[fa.arms-d] Arms-Discussion Digest V0 #106

C70:arms-d (05/15/82)

>From HGA@MIT-MC Fri May 14 20:44:39 1982

Arms-Discussion Digest                            Volume 0 : Issue 106

Today's Topics:
         Nitrates in my politics, the withering of the left,
                          Elections and arms
                      ZRM's reply (and prophecy)
                     Reprogramming Cruise Missles
                    The Defense Appropriation Bill

Date: Friday, 14 May 1982  10:27-EDT
From: Jon Webb <Webb at Cmu-20c>
Subject: Nitrates in my politics, the withering of the left,

Please try to keep political commentary off this list.  Everybody has
opinions on things like what happened in El Salvador.  I think its
pretty stupid to claim a "clear swing to the right" when there was
nobody on the left to vote for.  But remember, this is ARMS-D, not



Date: 14 May 1982 12:20-EDT
From: Zigurd R. Mednieks <ZRM at MIT-MC>
Subject:  Elections and arms

Maybe it got lost in the surrounding flamage, but there a strong
relationship between successfully containing guerilla wars and not
mucking up the local politics. Letting the choice of the Salvadorian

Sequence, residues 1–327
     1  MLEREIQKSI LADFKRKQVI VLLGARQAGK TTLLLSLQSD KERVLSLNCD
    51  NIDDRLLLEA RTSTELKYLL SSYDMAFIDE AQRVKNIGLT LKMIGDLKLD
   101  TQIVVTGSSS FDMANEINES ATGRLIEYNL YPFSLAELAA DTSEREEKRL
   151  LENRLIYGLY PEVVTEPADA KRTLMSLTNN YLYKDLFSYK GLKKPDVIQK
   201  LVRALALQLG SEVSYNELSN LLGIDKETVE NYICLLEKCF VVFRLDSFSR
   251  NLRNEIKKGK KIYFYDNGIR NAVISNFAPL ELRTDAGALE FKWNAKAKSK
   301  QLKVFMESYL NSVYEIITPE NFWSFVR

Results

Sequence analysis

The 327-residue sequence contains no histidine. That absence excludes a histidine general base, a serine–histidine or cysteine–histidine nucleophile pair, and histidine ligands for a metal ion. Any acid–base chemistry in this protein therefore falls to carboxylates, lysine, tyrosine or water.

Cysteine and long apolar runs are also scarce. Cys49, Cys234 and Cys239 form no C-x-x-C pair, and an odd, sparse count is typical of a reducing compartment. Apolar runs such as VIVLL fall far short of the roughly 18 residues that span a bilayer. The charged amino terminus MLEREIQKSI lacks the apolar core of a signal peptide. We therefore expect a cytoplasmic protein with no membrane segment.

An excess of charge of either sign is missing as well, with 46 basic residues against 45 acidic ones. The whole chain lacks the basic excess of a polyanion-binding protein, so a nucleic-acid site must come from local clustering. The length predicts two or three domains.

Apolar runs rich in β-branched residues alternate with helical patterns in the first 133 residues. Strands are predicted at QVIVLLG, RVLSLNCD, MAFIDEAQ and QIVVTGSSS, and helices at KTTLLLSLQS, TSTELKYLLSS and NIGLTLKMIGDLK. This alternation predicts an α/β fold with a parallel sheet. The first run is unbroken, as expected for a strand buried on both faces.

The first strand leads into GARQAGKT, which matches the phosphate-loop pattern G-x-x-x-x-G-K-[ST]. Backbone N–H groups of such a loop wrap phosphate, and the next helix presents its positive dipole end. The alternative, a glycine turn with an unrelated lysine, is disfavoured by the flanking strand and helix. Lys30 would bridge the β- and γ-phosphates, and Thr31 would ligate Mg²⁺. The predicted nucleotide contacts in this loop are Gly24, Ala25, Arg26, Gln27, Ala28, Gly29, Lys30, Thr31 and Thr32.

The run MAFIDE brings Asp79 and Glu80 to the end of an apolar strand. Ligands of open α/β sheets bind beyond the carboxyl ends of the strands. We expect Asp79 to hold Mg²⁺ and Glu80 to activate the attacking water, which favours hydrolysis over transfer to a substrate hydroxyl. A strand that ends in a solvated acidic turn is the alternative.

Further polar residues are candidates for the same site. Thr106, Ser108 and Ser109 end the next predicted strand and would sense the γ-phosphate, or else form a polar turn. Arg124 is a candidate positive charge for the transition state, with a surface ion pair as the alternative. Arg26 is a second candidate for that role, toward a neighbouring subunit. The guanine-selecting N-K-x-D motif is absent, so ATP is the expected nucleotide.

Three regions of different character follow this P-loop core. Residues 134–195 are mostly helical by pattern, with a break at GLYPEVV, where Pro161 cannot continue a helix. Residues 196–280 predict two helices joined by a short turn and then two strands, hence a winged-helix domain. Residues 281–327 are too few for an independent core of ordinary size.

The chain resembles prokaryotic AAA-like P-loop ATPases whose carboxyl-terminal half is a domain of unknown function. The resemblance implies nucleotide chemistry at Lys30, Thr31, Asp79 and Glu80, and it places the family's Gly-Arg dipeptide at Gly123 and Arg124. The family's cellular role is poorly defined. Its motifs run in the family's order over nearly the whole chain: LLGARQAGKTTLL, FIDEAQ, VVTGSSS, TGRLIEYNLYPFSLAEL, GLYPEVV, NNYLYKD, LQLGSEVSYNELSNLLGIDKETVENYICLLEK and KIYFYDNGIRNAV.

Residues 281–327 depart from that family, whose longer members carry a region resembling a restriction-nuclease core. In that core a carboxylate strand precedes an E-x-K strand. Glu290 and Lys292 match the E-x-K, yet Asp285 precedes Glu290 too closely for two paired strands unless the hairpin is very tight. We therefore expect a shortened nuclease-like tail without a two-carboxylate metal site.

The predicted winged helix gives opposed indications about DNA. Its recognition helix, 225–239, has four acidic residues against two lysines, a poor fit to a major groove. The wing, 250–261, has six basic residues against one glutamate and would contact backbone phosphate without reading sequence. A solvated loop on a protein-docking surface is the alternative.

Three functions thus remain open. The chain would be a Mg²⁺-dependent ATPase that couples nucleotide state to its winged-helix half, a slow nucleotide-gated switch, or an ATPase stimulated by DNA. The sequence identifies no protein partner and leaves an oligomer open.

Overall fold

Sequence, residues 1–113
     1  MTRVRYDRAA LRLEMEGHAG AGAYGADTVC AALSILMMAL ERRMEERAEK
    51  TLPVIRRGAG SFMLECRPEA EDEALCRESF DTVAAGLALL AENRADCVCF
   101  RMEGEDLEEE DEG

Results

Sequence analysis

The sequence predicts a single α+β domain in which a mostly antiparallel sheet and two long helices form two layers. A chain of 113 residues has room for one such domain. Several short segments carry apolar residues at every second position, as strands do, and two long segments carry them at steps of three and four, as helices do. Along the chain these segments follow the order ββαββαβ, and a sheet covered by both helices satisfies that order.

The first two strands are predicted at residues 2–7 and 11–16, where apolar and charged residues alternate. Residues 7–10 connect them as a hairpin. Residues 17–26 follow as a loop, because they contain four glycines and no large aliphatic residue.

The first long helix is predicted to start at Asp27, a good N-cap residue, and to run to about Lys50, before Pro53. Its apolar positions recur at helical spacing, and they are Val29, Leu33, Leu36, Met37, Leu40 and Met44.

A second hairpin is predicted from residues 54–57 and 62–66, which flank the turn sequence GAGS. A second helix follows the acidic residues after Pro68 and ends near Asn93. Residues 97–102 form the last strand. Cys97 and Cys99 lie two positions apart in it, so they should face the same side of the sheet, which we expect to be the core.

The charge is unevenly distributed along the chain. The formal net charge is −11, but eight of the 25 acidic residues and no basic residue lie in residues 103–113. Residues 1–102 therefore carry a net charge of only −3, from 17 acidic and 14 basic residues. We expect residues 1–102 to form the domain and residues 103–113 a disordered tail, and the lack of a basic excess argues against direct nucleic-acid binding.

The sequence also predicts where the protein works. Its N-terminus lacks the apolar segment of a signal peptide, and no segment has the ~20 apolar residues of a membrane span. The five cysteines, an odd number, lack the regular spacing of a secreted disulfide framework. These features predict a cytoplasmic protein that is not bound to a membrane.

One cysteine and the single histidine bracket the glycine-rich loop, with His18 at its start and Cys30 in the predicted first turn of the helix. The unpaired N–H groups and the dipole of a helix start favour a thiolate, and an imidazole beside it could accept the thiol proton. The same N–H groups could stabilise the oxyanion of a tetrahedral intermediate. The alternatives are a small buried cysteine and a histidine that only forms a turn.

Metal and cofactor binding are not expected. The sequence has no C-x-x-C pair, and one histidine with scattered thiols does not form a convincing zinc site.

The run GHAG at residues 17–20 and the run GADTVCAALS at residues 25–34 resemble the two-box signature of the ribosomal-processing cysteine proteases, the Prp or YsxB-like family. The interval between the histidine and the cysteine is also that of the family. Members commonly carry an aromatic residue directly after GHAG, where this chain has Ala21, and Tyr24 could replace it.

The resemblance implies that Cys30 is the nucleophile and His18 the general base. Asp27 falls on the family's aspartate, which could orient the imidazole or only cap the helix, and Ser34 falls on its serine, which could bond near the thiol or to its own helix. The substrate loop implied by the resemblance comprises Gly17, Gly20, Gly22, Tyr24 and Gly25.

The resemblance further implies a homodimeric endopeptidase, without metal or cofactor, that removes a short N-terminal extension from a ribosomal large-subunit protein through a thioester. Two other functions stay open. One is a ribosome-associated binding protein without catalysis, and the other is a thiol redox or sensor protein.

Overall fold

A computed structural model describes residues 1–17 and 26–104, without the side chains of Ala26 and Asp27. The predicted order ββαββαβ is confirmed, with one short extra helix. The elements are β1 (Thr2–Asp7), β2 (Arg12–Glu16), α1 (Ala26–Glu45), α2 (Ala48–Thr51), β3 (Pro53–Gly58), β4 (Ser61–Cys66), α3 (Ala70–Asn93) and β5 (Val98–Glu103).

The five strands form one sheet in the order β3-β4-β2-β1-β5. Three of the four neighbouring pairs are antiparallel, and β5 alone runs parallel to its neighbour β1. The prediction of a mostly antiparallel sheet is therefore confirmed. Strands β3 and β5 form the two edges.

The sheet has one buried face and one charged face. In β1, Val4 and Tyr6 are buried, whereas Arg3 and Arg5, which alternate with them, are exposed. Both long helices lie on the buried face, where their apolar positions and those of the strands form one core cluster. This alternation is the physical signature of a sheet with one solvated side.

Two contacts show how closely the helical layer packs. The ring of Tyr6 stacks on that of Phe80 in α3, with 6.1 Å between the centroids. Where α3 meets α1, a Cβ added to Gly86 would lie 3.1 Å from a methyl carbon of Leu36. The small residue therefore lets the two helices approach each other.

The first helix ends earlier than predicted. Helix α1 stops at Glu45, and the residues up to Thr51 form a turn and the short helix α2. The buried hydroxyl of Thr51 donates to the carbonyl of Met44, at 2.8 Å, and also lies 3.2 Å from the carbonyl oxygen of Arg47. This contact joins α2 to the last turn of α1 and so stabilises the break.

voters stand, even if we find their choice is not what we had in mind,
will help end the violence in El Salvador.

Part of a discussion on arms should be about where they are not useful
alone. Particularly since firepower and victory correlated rather
badly in Viet Nam, learning how *not* to escalate a conflict fits well
in a discussion on arms.

This argument cuts both ways: If the Salvadorians stayed home and went
about aiding the guerillas, it would be a signal for us to get out and
cut our losses. If the Slavadorians don't like our ideas, not even the
best equipped air cavalry will change their minds.  As it was, the
rebels did make a showing in the election -- with a terrorist campaign
intended to make people afraid to vote. The results of the election,
with a shift from the center to the right and a large turnout *do*, in
fact, indicate a clear swing to the right. Results that would indicate
otherwise would have to have some elements of either a poor turnout or
a poor showing for the rightist candidates. Neither of these happened.